New album – and their first in five years – Rainier Fog sees Alice in Chains reach their third release with ‘new’ vocalist William DuVall. Avid A-I-C fans will be pleased to know that they haven’t picked this album to make some sort of massive deviation from the sound and feel their previous five efforts.

In fact the sheer familiarity of the sound available to the ears on …Fog is one of the most successful aspects of the record. If you’re au fait with the band, you’ll be right amongst the action from the get go as the band hit their well-worn groove straight off and don’t stray off the path for the ensuing hour of downtuned fun and frolics.

You’ll doubtless be up to speed with opening track The One You Know, which the band have been playing live and for which they released a video in May. It’s quite superb, built on a strident yet melodic set of riffs and a plenty-to-get-your-teeth-into chorus, but pleasingly there are even better tracks awaiting as the album unfolds.

The title track isn’t one of them, though it’s very far from bad; rather it’s a by-numbers grunge grinder, Jerry Cantrell front and centre with a classic Seattle riff, rhythm buddies Mike Inez and Sean Kinney gratifyingly high in the mix in support.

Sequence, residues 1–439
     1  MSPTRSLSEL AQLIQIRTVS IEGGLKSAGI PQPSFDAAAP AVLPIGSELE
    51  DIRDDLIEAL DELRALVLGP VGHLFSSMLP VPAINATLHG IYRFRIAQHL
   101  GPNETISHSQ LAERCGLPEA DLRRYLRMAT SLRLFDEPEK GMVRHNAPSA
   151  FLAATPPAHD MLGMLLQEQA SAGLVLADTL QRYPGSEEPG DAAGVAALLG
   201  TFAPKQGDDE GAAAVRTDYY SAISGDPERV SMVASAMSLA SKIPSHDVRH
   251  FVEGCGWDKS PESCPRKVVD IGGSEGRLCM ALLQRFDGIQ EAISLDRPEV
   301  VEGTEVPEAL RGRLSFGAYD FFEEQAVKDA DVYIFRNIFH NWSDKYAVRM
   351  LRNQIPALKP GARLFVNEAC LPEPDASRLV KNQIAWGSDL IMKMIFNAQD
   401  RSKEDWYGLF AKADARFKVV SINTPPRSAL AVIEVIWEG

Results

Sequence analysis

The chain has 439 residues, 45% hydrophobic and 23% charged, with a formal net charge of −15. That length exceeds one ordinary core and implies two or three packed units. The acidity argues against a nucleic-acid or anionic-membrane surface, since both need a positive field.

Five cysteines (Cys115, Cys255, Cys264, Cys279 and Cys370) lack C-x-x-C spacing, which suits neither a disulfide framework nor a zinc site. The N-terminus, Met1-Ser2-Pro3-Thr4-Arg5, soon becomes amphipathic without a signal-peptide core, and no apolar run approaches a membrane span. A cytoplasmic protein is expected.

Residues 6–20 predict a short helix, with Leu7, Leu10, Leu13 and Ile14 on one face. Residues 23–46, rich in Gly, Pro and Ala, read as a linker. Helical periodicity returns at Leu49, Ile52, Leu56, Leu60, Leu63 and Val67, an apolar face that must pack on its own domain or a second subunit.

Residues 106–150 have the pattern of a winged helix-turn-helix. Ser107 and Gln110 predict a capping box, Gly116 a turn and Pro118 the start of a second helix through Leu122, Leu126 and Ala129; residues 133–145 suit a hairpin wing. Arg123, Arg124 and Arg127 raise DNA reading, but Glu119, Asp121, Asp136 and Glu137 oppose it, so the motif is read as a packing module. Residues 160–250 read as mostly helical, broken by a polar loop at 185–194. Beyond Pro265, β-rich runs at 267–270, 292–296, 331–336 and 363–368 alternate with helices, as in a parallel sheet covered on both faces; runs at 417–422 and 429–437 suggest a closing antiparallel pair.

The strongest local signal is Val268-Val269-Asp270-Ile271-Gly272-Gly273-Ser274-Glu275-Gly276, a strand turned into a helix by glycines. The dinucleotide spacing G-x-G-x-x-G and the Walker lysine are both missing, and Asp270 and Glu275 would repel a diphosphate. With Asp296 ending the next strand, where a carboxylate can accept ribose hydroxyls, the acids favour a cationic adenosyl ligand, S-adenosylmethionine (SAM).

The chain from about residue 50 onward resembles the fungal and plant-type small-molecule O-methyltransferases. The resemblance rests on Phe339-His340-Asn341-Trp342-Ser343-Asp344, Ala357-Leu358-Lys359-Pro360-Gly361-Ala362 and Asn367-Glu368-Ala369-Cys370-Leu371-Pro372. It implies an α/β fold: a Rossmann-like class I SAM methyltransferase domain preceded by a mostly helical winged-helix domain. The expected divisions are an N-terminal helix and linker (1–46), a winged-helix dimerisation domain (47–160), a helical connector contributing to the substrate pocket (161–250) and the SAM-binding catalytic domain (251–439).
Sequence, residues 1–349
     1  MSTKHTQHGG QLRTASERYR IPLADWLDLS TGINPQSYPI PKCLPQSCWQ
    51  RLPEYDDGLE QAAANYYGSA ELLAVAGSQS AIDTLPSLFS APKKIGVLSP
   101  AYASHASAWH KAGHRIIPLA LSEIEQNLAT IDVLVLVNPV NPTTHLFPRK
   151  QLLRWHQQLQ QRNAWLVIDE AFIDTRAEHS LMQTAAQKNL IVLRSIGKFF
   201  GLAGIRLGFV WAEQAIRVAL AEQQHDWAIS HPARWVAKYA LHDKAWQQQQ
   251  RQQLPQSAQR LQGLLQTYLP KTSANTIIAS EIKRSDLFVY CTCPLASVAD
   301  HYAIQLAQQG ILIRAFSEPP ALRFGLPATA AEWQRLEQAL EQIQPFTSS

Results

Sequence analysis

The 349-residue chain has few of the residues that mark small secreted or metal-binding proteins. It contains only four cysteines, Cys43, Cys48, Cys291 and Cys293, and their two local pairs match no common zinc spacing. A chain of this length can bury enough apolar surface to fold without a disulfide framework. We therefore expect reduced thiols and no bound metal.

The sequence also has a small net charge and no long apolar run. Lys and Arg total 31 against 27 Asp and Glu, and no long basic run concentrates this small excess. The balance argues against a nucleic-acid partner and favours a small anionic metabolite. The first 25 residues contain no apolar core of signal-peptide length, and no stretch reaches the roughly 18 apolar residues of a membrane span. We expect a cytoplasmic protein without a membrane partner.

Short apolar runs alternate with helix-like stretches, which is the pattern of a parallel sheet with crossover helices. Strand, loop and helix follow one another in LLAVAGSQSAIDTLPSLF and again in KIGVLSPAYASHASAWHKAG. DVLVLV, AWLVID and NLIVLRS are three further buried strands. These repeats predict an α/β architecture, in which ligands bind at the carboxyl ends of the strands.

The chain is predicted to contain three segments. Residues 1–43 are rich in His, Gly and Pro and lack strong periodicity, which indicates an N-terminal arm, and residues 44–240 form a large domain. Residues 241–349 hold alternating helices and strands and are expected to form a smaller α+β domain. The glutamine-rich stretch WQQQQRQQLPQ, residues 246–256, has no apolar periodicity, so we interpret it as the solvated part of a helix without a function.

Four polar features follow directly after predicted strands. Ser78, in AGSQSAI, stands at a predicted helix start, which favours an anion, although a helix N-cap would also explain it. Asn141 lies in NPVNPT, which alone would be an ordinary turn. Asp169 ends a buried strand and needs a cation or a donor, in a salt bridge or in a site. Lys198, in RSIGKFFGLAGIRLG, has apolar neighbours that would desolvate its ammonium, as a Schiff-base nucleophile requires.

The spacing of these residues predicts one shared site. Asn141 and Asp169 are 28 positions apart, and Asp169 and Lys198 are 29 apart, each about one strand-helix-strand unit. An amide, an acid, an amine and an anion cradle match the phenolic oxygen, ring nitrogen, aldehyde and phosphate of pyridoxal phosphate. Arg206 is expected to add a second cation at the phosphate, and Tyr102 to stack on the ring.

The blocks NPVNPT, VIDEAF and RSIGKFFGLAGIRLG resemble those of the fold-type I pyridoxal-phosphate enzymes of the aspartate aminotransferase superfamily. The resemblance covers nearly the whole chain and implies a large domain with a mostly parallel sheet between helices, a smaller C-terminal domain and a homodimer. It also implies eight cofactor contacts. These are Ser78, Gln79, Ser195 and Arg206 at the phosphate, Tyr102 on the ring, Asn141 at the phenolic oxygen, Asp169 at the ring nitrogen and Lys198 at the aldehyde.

Red Giant is similarly solid and dependable, but Fly is something else. It’s quintessential Alice in Chains in fact; woozy through the verses, building gracefully towards a beautifully stately chorus and then exploding into a hair-raising solo from Cantrell. As the song ebbs away you’ll actually feel your goosebumps receding as the gentle outro lead work lulls you back to ground level. It’s stunning stuff.

The doomy Drone sees the band fusing Black Sabbath muscularity to Crosby Stills and Nash filigree as only they can; Riffs lurch drunkenly in and out of focus and intensity, but DuVall and Cantrell’s harmonies remain bang on point throughout the song’s many shifts in focus. It’s the masterful manipulation of sound by veteran artisans, you’ve heard it all before – yet still it mesmerises and delights.

The acoustic-based Maybe keeps up the good work with more fantastic vocal interplay, but if you feel its all getting a little soft at this point don’t worry. Next up track So Far Under is a glorious slab of good, old fashioned doom metal that’ll not only give the neck muscles a good workout it’ll have you off up into the loft looking for your prized old flannel shirts. It’s that good…

But perhaps best of all is penultimate track Never Fade, a fantastic synthesis of styles that sees the band hooking up a gorgeous pop chorus to heavy riffage in scintillating fashion. Strangely enough it brings to mind sometime A-I-C wannabes Life of Agony just a little, which in itself is probably more of a tribute to Cantrell and company’s lasting class rather than LoA moving from the role of the influenced to the influencer. Whatever, it’s a magnificent piece of music that you should acquaint yourself with soonest.

The melancholy yet uplifting All I Am ends things on a characteristically downbeat note, yet you’ll go away from first contact with this album feeling nothing but joy; Rainier Fog is a fabulous set of songs, performed by a band that seems to be able to pull off bombastic melodic grandeur as easily as shelling peas. Please don’t leave it five years between albums next time guys!

Rainier Fog is out on Friday August 24 on BMG Records.